Image from ehow with credit to http://www.sxc.hu/photo/1121365
Genie Alisa’s …in a bottle theme this month is “tooting your own horn”. I must say that she has stumped me again. At first, I decided I was not going to write it, and then I remembered a conversation that I figured could qualify for an accomplishment. Otherwise, I am rather “ho hum ordinary”, and haven’t done anything to give me bragging rights so to speak.
Creatively speaking, I consider myself a “Jack of all trades, but master of none”. I have tried almost every type of existing fiber art. I can sew, quilt, crochet, knit, and embroider, to name a few. However, I excel at none of them. I don’t think any of my work is worthy of selling. They are hobbies for me. I choose to do them for fun.
I love writing. I dabble with fiction, creative nonfiction, and various forms of poetry. While I feel I am a weaver of words at times, I am not skilled enough to call myself a “writer”.
I enjoy cooking. I have a need to nurture others. People compliment my food, and even brag about my biscotti, which I will admit is fairly good. Still, I am not a chef or baker.
Needless to say, I was befuddled to come up with a topic to “toot my own horn”. I couldn’t think of anything extraordinary I have ever produced. I mean I surprise myself at times, but those are generally things that most other people are accomplished at. I am usually quite astounded when I accomplish some physical feat or figure out a computer difficulty on my own. But they are such simple achievements that I quickly forget them.
A few months ago I had a conversation with someone which made me aware of a program I instituted at our local elementary school sixteen years ago. I was surprised to find that it was still going strong. I had been chairman of a PTA committee called “Health and Parenting”. I was in charge of programs that promoted health and awareness for our students. There was a drug awareness week every year. Nationally, there was a “Walk Away From Drugs” program. I didn’t actually institute the program, but I organized the first student “Walk Away From Drugs” parade at this particular school. I made red ribbon pins for each of the students to wear, and distributed information and drug-free pledge sheets. I had a local printing shop volunteer their services for a huge banner for the kids to carry and other posters for display. The company even sent their mascot to lead the parade. The kids loved it, and the teachers considered it a success. I remember how I had agonized over everything going smoothly. Fortunately, most things like that usually seem to fall in place.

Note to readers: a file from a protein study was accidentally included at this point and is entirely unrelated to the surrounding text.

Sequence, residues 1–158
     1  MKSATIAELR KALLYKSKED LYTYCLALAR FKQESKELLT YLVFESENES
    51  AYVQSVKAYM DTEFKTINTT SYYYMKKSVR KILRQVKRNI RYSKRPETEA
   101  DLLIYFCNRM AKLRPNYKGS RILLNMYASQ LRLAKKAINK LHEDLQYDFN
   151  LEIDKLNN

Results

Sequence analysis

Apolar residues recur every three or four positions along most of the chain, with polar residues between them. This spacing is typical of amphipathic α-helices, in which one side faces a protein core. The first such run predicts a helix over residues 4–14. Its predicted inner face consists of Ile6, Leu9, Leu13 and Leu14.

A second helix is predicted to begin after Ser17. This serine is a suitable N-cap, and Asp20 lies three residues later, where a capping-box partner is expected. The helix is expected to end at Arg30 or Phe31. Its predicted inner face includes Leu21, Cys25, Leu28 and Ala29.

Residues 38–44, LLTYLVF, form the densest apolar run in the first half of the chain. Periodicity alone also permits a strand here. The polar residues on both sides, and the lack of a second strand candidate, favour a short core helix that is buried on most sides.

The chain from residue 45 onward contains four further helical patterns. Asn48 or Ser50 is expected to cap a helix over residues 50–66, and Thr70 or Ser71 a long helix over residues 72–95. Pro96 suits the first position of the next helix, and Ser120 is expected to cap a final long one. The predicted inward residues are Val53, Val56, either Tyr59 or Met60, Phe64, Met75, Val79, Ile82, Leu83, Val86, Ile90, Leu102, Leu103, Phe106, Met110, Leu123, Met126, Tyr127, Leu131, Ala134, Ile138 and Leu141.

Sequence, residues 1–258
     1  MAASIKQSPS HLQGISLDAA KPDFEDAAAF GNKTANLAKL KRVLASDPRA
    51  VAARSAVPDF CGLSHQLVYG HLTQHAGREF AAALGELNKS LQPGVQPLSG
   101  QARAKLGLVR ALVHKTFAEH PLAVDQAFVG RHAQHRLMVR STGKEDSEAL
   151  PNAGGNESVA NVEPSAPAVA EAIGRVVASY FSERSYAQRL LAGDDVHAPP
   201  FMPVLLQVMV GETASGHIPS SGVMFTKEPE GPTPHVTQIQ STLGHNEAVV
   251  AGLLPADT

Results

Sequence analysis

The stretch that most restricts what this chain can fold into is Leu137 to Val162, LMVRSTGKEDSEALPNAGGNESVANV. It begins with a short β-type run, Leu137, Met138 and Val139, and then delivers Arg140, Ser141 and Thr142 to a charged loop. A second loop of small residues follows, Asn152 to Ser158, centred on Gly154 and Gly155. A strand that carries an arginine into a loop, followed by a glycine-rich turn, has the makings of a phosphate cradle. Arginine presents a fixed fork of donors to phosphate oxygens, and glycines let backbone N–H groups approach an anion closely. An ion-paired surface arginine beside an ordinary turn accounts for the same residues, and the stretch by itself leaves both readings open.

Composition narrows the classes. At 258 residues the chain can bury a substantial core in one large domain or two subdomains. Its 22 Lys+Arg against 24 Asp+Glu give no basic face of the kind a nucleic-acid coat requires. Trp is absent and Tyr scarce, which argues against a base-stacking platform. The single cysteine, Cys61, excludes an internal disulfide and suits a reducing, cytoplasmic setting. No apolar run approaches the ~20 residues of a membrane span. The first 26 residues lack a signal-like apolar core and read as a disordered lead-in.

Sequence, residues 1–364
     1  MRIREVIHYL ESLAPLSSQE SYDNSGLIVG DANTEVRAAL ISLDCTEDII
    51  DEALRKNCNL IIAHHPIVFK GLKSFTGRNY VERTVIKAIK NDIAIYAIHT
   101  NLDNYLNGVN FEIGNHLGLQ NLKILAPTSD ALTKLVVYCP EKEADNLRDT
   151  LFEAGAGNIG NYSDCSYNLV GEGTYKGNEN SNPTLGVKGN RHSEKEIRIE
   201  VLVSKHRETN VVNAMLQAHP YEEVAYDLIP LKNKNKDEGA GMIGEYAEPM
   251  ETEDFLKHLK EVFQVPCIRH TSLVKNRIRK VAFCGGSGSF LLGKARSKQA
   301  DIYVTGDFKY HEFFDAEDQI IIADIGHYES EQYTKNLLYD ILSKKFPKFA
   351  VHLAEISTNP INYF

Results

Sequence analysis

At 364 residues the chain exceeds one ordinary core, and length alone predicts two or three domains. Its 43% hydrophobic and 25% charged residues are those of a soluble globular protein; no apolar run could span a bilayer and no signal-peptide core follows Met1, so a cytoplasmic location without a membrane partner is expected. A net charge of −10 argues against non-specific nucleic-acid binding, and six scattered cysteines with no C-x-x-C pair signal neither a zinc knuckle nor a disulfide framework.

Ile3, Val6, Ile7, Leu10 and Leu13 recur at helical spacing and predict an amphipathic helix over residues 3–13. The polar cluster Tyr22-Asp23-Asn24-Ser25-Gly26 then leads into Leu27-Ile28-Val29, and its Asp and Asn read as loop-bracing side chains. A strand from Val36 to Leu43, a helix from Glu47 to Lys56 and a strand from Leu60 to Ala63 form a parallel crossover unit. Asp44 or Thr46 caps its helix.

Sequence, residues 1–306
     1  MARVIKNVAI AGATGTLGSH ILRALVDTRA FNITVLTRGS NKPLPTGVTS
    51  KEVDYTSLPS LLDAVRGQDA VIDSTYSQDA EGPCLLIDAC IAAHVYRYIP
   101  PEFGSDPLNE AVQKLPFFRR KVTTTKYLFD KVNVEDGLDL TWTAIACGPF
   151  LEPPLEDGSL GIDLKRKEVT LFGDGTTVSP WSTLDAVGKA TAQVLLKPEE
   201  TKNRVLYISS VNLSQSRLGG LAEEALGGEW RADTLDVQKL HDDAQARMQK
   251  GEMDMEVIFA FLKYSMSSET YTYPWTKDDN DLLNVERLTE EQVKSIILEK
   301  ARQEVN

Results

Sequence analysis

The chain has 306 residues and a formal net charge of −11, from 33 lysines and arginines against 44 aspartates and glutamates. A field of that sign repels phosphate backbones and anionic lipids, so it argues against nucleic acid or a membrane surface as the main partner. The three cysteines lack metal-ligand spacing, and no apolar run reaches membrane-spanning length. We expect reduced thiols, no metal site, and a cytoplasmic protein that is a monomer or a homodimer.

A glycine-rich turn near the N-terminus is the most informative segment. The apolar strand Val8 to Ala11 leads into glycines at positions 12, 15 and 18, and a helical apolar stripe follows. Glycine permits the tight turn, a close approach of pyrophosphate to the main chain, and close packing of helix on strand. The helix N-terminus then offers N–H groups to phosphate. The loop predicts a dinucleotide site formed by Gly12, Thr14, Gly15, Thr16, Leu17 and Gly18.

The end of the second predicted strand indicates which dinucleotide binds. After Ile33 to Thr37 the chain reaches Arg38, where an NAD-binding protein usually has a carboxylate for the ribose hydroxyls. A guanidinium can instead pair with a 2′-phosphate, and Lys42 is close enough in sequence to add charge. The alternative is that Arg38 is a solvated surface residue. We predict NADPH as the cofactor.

An acquaintance was telling me about the one they had last year. A smile of recognition flashed across my face, and she asked if I was familiar with it. I didn’t tell her that I had organized the very first one, but I did mention that I remembered the first one when oldest son was in second grade. I remember a few after that and then my youngest left the school to attend a gifted school. After that I lost contact with the events held at our local elementary. As this woman recalled the events of the parade, I silently beamed with pride. Though it is a relatively small accomplishment in the big scheme of things, I hope that in some way children have been helped, educated or positively influenced throughout the past sixteen years. At any rate, the fact that they still hold it annually makes me happy.
Toot! Toot! Did you hear my horn?